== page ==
Patrick McMullan Archives

New York City, NY - April 12th, 2005 - Aline and Robert Crumb attend A Night at Crumbland. The photo was taken by Nick Papananias and Patrick McMullan.

Patrick McMullan via Getty Images

Female artists were not supported by the underground comix scene. Aline Kominsky-Crumb was one of the few who left a lasting legacy. Sources close to the family confirmed the death of Kominsky-Crumb on Tuesday at her home in France from Pancreatic Cancer. She was a woman.

When she was a student at the University of Arizona in the 1960's, Kominsky-Crumb got into underground comix. She moved to San Francisco in 1972 to pursue her artistic career, and fell in with underground icon Robert Crumb after mutual friends noticed a resemblance to a character he had created several years previously named "Honeybunch Kominsky." They were married in 1978 and had a child in 1981.

One of the founding members of the influential all-female collective was Kominsky-Crumb. The group broke up in the mid-1970s in order to do their own publication. The political issues of female empowerment, criticism of the patriarchy, sexual politics, lesbianism and other topics were addressed in both comics.

The pointed nature of the material was not a factor in Kominsky-Crumb's approach. To emphasize her internal struggles with social expectations, her self- image, sexual relationships, her domineering mother, and eventually her domestic situation, she took to a prominent tenet of feminist theory, "the personal is the political."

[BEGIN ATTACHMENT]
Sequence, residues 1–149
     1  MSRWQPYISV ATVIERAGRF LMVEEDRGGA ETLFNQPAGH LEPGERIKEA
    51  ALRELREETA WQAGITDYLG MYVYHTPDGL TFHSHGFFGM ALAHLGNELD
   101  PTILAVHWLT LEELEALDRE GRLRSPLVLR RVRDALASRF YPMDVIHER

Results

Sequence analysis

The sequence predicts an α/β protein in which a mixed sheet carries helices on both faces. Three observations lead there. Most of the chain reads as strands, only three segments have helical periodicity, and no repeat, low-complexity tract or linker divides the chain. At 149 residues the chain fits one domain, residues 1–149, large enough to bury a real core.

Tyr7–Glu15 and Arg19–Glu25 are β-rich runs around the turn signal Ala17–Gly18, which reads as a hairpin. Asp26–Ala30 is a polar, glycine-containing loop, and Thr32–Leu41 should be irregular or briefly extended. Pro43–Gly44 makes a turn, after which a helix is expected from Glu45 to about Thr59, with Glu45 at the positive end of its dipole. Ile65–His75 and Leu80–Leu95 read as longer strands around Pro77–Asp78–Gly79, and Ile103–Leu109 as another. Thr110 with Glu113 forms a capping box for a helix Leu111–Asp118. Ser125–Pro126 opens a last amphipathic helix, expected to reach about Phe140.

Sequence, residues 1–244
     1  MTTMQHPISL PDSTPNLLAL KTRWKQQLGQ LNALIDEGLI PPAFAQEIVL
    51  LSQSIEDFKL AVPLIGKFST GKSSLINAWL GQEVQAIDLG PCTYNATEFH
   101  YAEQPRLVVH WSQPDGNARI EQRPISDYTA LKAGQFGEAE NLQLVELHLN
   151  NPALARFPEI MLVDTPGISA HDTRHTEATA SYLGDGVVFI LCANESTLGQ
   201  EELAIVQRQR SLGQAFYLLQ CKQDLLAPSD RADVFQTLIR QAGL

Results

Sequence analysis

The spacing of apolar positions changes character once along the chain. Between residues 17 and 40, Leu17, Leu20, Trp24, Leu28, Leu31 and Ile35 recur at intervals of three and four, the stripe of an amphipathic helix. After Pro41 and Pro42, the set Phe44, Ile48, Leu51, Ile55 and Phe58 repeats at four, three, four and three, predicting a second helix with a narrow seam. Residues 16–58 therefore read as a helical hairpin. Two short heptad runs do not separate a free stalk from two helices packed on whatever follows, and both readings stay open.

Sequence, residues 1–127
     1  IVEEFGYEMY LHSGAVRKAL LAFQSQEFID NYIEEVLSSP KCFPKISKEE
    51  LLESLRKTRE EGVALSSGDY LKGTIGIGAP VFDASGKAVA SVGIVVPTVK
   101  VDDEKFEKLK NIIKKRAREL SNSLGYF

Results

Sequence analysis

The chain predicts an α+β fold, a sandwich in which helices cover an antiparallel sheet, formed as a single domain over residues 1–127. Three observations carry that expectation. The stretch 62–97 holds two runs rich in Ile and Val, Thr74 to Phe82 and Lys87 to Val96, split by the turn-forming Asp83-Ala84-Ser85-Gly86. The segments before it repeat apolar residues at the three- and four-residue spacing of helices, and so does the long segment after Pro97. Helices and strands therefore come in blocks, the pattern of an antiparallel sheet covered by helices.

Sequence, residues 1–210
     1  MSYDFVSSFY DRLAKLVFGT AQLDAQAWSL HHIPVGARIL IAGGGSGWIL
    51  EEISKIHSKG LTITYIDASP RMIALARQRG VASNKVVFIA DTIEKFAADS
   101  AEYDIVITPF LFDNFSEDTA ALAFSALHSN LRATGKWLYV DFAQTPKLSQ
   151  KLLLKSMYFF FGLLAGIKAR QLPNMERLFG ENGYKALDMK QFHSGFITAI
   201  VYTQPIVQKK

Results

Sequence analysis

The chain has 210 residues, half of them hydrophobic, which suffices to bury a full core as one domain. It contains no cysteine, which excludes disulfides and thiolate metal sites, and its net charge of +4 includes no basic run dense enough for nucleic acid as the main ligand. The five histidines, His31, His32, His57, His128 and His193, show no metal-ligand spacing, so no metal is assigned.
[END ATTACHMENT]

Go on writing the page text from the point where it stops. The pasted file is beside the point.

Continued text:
The cultural ideal of the Jewish American Princess was one of the many stereotypes Jewish women had to deal with in the twentieth century. Aline embraced it in her later work. She showed me how to make art and not lose myself in Canada.

Her drawing style emphasized the grotesque and awkward and squeezed humor from the cringe-inducing moments.

Roberta Gregory, who became the first woman to self-publish her own work and created the long-running "Bitchy B", said that Aline's work stood out when she first saw it. It was a lot of fun and broke every rule in the book. If you have a story to tell, tell it with all you have.

PLAY Forbes Business The Life And Lifestyle Of Bernard Charles “Bernie” Ecclestone, A Coffee Farmer In Brazil Rolling Stones Bassist Darryl Jones On New Documentary ‘In The Blood’ An Influx Of Top Prospects Could Help The Brewers Solve Their Offensive Problems Wine Gifts That Say How You Really Feel Trump Says Nick Fuentes’ White Supremacist Views ‘Weren’t Expressed’ At ‘Very Quick Dinner’—But Appears To Stop Short Of Condemning Him 1/1 Skip Ad Continue watching after the ad Loading PodsVisit Advertiser websiteGO TO PAGE The Life And Lifestyle Of Bernard Charles “Bernie” Ecclestone, A Coffee Farmer In Brazil

Aline Kaminski-Crumb, underground comix

Aline Kominiski-crumb has a comic book.

Art by Aline Kominsky-Crumb, courtesy of Denis Kitchen/Kitchen Sink Publishing

In succeeding waves of autobiographical graphic novels, such as Alison Bechdel's Fun Home, and in the self-deprecating "hot mess" brand of graphic novels, the influence of Kominsky-crumb's work can be seen.

Aline and Bob's Dirty Laundry was a series that Aline and Robert collaborated on. The contrast between their art, their characters and their sense of humor made for an unnerving reading experience. She was editor of the influential post-underground magazine Weirdo, which was later edited by Peter Bagge.

In the 2000s, Kominsky-Crumb's contributions to art and comics were more widely known. She exhibited solo and combined shows at high-end galleries around the world after she published her memoir Need More Love. In contrast to her husband, she was very active in the public eye and made their appearances quite amusing.

Many in the world of art and comics were shocked by Kominsky-Crumb's death. Privacy is requested by the family during their time of grief.

Books R Crumb

The Society of Illustrators in New York has an interview with comic book author and illustrator Robert Crumb and his wife Aline. This photo was taken on the floor of the New York Stock Exchange.

Copyright 2011 AP. All rights reserved. This material may not be published, broadcast, rewritten or redistributed.